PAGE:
While there’s no shortage of cheap Android tablets on the market, Samsung is one of the only companies that continues to offer models for folks looking for an Android alternative to an iPad Pro.

The latest example is the company’s most powerful tablet yet.

The Samsung Galaxy Tab S6 basically puts the features you’d expect from a flagship smartphone into a device with a larger screen and a bigger battery, doubles the amount of speakers you’d expect, and adds support for an optional keyboard case.

With a starting price of $649, the Galaxy Tab S6 isn’t exactly cheap. But good luck finding another Android tablet that’s nearly as powerful and versatile.

First, let’s get the specs out of the way:

  • 10.5 inch, 2560 x 1600 pixel Super AMOLED display
  • Qualcomm Snapdragon 855 processor
  • 6GB RAM + 128GB UFS 3.0 storage or 8GB RAM + 256GB storage
  • MicroSD card reader (up to 512GB)
  • Quad speakers tuned by AKG with Dolby Atmos sound
  • In-display fingerprint sensor
  • 13MP +5MP wide-angle rear camera with 4K/30fps video recording support
  • 2 microphones
  • 7,040 mAh battery
  • 15W fast charging
  • 802.11ac WiFi
  • Bluetooth 5.0
  • GPS + GLONASS
  • S-Pen
  • gray, blue, and rose color options
  • 9.6″ x 6.3″ x  0.22″
  • 15 ounces

A WiFi-only model goes up for pre-order starting August 23rd and it should be available in stores by September 6th. Samsung will also offer an LTE-enabled version later this year.

In addition to the fastest processor of any Samsung tablet to date, the new model also comes with an S-Pen that attaches to the side of the tablet magnetically for storage and charging.

Samsung’s DeX software has been updated, allowing you to use a desktop-like version of Android when you connect a keyboard cover or other supported accessories.

One thing the Galaxy Tab S6 doesn’t have? A headphone jack.

Of course, not everyone needs a $649+ tablet… and not all of Samsung’s Android tablets cost that much.

A few months ago the company released the Samsung Galaxy Tab S5e with a similar a similar design, but a Snapdragon 670 processor and a $400 starting price, and the Galaxy Tab A 10.1 with a 10.2 inch, 1920 x 1080 pixel display, a Samsung Exynos 7904A processor, 2GB of RAM, 32GB of storage, and a price tag of $240 and up.

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9 replies on “Samsung launches Galaxy Tab S6 for $650 and up (Snapdragon 855 and an S-Pen)”

  1. I know Android tablets are out of fashion, but I absolutely love my Huawei M5. I use it even more than I thought I would when I bought it. The sound quality is amazing. It was also significantly cheaper than the Samsung tablet but still has good hardware specs. With a Bluetooth keyboard and mouse I can actually get some work done while traveling but most of the time it is used to surf the web or for watching video. Sure, my phone has a good size screen, but a 10″ tablet is so much more comfortable to use.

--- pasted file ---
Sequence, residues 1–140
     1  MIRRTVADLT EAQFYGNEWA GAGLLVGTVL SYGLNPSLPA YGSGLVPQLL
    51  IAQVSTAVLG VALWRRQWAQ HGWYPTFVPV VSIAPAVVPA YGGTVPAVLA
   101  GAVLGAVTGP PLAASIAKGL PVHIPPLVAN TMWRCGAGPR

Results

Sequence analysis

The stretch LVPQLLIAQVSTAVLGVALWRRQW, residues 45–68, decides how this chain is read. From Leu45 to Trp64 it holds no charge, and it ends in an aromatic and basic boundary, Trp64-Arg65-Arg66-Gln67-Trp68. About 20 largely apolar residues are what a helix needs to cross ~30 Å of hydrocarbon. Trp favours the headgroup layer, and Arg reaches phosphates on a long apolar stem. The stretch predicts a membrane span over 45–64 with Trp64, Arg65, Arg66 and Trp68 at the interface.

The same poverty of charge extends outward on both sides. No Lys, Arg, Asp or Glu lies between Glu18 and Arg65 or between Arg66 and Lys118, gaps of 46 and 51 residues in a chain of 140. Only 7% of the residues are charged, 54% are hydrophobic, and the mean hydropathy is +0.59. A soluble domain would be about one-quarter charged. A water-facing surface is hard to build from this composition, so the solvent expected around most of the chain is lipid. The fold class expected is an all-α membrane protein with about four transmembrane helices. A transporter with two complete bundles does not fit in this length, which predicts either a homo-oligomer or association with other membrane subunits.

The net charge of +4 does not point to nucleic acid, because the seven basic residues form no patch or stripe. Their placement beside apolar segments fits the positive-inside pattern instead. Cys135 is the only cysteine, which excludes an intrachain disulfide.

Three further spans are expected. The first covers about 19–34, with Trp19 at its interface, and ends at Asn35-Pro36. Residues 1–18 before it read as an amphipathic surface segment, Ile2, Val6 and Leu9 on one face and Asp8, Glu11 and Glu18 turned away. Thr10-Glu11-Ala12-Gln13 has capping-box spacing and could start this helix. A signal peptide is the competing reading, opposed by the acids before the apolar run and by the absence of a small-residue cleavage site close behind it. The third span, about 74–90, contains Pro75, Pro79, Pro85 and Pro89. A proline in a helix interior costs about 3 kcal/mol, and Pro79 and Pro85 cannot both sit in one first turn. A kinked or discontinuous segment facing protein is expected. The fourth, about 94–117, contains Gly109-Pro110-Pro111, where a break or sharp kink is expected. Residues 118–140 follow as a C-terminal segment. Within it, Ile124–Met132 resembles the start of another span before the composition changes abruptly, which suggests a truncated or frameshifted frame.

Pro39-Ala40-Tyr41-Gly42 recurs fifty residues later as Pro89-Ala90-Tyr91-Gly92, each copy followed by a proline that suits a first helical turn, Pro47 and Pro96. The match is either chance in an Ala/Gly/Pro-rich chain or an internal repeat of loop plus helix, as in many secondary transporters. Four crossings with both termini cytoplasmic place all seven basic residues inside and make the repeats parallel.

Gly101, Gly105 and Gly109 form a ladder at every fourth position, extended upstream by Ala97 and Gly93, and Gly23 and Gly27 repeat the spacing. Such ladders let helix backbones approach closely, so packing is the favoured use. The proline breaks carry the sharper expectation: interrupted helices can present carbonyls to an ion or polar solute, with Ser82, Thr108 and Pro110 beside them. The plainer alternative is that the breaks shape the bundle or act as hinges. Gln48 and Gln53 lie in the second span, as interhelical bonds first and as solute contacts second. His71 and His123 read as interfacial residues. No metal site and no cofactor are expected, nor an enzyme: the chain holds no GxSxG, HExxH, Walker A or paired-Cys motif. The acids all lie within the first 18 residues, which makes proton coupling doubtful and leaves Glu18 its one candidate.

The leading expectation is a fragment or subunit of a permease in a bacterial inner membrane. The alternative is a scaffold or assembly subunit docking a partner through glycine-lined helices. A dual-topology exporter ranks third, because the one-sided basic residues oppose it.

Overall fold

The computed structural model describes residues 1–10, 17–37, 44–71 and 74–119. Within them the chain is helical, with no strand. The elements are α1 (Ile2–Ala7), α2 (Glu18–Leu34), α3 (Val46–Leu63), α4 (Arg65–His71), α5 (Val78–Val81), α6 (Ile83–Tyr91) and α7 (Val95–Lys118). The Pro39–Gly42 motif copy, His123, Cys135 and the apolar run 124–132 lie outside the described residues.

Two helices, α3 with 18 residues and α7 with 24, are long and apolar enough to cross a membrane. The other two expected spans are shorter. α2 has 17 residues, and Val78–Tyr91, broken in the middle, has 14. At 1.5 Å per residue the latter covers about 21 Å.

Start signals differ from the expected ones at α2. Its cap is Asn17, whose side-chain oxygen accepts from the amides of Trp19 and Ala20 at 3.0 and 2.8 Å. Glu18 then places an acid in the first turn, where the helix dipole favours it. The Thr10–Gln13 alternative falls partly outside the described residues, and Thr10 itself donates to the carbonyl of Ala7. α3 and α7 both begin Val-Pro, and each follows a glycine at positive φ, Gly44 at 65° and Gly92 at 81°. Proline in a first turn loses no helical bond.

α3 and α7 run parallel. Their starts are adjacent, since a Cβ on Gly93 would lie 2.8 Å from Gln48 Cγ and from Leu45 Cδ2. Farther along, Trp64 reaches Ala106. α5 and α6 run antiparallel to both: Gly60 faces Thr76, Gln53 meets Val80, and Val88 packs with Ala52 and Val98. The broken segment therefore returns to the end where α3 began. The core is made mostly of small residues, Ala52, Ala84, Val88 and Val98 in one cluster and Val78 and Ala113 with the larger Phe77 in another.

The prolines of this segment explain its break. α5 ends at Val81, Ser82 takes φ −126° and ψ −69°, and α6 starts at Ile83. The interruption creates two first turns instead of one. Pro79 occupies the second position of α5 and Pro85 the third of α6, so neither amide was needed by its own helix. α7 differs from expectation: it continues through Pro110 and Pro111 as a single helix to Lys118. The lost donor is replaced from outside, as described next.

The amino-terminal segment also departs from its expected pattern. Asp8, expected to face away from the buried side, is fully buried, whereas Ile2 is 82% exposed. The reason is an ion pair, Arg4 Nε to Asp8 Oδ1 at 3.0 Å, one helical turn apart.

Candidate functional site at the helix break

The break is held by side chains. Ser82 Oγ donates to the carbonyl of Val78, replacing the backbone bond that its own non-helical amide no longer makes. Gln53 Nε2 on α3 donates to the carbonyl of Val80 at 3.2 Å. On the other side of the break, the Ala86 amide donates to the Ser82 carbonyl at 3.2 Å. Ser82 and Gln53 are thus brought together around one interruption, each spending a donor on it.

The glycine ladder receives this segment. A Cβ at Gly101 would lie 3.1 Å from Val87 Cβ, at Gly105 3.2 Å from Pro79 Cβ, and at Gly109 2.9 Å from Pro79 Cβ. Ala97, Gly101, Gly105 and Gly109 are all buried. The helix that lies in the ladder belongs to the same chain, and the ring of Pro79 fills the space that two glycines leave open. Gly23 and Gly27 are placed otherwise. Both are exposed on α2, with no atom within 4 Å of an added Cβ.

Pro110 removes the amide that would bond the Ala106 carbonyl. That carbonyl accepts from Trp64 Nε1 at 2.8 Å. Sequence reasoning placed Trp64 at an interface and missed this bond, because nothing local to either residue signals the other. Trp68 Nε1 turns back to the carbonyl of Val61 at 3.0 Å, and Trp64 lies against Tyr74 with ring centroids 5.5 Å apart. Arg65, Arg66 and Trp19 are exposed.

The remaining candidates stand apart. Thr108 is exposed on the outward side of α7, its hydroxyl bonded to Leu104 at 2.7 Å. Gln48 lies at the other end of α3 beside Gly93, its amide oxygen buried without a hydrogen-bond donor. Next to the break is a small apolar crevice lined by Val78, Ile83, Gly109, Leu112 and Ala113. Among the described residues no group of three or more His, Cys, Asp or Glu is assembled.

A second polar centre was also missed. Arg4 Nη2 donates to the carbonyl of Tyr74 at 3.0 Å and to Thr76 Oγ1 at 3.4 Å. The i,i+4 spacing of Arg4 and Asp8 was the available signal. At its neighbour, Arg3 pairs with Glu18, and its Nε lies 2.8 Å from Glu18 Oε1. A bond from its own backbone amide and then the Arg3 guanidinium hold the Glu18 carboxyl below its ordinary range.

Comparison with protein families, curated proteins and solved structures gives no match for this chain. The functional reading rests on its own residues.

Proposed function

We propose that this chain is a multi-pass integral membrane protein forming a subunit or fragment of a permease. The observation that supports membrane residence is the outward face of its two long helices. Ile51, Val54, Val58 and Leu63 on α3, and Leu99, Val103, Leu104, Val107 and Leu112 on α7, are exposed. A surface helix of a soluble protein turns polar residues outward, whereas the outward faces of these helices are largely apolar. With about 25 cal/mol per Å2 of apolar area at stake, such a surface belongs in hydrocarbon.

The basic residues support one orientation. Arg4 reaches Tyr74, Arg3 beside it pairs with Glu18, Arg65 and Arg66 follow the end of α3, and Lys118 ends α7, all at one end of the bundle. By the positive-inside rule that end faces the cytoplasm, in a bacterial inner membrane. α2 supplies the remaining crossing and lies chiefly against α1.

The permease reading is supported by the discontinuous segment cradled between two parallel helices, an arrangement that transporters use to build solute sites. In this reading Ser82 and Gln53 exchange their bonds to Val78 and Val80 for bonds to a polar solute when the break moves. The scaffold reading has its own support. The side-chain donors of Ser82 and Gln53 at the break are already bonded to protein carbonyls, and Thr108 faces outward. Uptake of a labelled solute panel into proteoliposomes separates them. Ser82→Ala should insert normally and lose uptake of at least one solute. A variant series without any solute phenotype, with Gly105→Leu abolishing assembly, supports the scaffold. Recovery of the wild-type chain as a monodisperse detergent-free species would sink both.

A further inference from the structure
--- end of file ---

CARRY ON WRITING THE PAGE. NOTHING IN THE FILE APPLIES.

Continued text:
2. When I first saw the post, I thought it might be their new Windows machine. Oh, well…

  3. I suspect Samsung expects to sell this tablet more to the corporate/business market than high-end consumers. When large companies deploy tablets, its typically for a specific purpose and use bespoke software and apps, so the lack of good tablet software of Android is less of a disadvantage against the competition (i.e. Apple).

  4. I am definitely in the minority but I’m going to wait for the Pinebook’s Linux tablet and/or laptop as a backup device. Their phone (or Purisms’) can eventually lead me into a personal ecosystem that’s mostly free of big tech manipulation and spyware (on my local devices).

    Exciting to think about.

    Honestly, there is so little dev work by Big Tech that puts users first. Small storage, spyware, walled gardens, glue everywhere, missing (and important) ports… the list seems endless and the end-user hostility… palpable.

    1. I was really excited about the PineTab until I realized how anemic it will be. The new Fire 7 and Raspberry Pi will run circles around it.

      The highest Geekbench scores for the original Pinebook, which shares the CPU with the PineTab, were 479 and 1264 for single-core and multi-core, respectively. Scores of 638 and 1656 were reported for the Fire. The RPi scored 978 and 1768.

      I understand that there are lots of other reasons to consider the PineTab, but couldn’t they at least upgrade the CPU???

  5. We’ll just have to see what the 4g model ends up costing, and it might be interesting.

    1. Honestly, it wouldn’t have changed much.
      Android is still the more capable OS than iOS, which is more necessary for tablets than phones. However, at this size, it makes you wonder if you should’ve just bought a Windows10 Pro tablet instead. Or equally enticing, is the more optimised software experience on iPads, and now with new features on ipadOS making it more useful.

      Basically, this product is dead in the water, due to those two other alternatives, unless it decides to cut-back on the asking price, or provide some extra niche/feature.

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